Today's Politicos vs The Words and Deeds of The Founders
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Separation of Powers

“(T)he great security against a gradual concentration of the several powers in the same department, consists in giving to those who administer each department the necessary constitutional means and personal motives to resist encroachments of the others. The provision for defense must in this, as in all other cases, be made commensurate to the danger of attack. Ambition must be made to counteract ambition. “  Federalist 51

For over two hundred years the Founders’ plan, described by James Madison in Federalist 51, worked reasonably well. The Founders were cognizant of the danger of demagoguery, but believed that good sense would ultimately prevail. The nation has proved them wrong, not once, but twice.

The Founders did not foresee that Congress would willingly surrender its law making authority to executive agencies and then stand silent while the chief executive arrogated congressional prerogatives to himself. A year ago the president said, “Where Congress is not willing to act, we’re going to go ahead and do it ourselves.” Separation of powers, “f’get about it.” The silence from the media was smothering.

He is doing what he said he would do faced with an obstinate Republican majority in the House and a divided Senate. His arrogant assurance of infallibility is coupled with a will to power so great that opposition is now intolerable. That explains why Mr. Obama is intent, not on finding solutions to America’s manifold problems, but on vilifying Republicans. The Republican Party must be delegitimized so the electorate pulls mostly Democrat levers in 2014. Only then will President Obama be fully empowered to do what he came to do – transform the nation to match his vision of social and economic justice.

Some have called the Republican Party the stupid party for failing to make the case for liberty against an all-controlling state. There is something to be said for that assessment. However, the founders made the survival of their of plan contingent on an educated and self-sufficient electorate electing honorable men. There is that, too.


1 Jim at Asylum Watch { 02.06.13 at 1:17 pm }

Have you read this American Thinker article? I would be interested in your opinion of the point it argues?


2 Marcia { 02.06.13 at 7:26 pm }

Thank you for calling attention to the American Thinker article. I share the author’s view that the anti-federalists made many interesting arguments.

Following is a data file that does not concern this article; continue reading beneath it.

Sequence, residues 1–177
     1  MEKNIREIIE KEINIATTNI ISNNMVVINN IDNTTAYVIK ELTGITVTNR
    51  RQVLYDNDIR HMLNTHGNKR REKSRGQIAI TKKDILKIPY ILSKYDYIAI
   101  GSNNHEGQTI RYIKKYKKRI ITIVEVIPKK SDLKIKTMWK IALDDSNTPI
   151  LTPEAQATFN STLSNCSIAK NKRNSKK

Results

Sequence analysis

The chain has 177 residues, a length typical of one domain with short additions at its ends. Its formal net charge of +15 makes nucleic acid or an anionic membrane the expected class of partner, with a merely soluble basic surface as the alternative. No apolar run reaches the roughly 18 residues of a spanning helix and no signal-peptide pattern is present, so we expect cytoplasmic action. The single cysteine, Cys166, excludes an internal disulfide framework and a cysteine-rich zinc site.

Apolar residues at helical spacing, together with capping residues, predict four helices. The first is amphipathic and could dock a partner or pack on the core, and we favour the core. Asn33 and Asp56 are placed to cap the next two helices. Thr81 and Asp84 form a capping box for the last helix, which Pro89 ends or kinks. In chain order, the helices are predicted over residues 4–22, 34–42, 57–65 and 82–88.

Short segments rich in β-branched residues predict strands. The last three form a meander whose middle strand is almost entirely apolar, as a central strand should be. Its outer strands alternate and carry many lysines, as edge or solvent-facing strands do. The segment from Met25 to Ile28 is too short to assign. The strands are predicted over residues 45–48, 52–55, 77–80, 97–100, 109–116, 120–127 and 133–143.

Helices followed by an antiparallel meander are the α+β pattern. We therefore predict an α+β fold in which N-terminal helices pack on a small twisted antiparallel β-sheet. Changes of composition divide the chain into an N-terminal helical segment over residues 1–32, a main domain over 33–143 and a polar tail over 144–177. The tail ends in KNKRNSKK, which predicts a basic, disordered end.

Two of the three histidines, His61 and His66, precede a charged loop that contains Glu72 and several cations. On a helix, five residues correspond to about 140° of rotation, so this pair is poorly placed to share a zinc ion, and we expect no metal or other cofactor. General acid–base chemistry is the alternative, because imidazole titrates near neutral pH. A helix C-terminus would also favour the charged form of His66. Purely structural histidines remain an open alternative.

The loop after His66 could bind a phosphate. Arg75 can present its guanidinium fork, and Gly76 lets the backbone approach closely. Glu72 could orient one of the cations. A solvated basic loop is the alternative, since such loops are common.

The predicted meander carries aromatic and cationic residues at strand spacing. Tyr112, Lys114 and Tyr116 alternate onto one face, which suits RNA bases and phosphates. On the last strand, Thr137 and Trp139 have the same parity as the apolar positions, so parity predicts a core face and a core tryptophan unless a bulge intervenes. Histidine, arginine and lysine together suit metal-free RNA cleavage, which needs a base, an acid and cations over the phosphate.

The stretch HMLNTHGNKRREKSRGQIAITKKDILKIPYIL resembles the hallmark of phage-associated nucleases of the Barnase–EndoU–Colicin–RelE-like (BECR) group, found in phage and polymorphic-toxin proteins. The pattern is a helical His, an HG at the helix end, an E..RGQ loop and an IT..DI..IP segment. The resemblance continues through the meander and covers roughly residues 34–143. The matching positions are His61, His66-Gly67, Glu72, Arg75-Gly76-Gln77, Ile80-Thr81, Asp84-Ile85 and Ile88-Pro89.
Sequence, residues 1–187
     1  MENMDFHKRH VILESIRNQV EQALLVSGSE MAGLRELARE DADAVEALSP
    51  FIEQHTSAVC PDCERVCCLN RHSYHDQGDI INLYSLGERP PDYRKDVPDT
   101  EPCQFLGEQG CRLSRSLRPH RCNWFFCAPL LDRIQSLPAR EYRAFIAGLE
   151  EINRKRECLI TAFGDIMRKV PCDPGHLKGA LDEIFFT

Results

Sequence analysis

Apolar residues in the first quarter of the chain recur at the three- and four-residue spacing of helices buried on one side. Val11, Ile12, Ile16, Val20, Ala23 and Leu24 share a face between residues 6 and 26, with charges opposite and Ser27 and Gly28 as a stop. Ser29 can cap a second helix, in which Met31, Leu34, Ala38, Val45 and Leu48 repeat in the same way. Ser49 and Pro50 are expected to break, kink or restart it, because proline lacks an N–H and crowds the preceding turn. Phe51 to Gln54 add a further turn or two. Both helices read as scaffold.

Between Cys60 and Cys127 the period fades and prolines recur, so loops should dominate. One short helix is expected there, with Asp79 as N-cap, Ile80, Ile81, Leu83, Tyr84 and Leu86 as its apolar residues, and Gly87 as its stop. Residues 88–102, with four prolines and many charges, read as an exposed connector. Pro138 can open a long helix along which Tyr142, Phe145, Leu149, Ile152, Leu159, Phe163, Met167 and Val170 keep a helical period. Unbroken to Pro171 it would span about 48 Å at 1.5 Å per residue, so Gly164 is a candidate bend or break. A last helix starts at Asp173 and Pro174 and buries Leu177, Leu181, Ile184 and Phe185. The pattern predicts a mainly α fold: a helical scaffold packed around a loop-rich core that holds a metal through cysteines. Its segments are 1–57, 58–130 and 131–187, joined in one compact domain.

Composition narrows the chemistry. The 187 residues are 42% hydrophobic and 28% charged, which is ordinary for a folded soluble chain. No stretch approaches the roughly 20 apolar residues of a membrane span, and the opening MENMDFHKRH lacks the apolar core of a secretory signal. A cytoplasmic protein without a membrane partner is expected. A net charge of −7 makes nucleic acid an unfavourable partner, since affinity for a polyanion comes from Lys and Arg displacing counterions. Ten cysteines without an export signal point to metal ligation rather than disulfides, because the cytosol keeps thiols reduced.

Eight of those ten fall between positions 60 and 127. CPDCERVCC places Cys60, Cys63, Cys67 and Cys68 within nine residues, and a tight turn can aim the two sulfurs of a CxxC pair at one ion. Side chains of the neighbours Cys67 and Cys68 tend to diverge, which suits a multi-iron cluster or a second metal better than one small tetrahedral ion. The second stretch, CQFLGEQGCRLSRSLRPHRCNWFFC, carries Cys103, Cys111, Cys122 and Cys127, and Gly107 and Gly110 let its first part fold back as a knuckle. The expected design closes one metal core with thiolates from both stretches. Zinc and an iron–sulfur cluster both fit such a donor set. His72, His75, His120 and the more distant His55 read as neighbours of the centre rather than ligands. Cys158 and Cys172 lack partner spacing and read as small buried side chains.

We cannot know whether Montesquieu’s prerequisite of republics of a “limited geographic scale” would have worked or would, as the federalists insisted, have led to constant strife and ultimately warfare. The European example is not encouraging, as the federalists pointed out.
On the other hand, E Pluribus Unum worked pretty well. Although its original meaning was the forging of a nation from thirteen colonies, it also describes the diverse people who make up America. Instead of religion or ethnicity, Americans are defined by allegiance to a set of ideals. Or they were.
But that was before academia set out to denigrate the ideals and the diversity peddlers, aided by the sheep-like assent of the popular culture, concentrated on making out of one many.
Moreover, both the anti-federalists and Madison should be judged in the context of their time. The European powers, as the federalists warned, would certainly have seized the opportunity to enlarge their sphere’s of influence on a continent made of weak and fractionalized “republics.” If not for Madison, we might now be speaking German, Spanish or French.
Whether strict division between the three branches of government would have prevented the weakening of the states is debatable. Could any plan of government withstand the assault on constitutional restraints choreographed by progressives determined to expand government and shrink liberty? Finally, although it is true that the federal government weakened the authority of the states, it is also true that the states have been willing conspirators. All it took was for Congress to discover that it could “bribe the public with the public’s money.”


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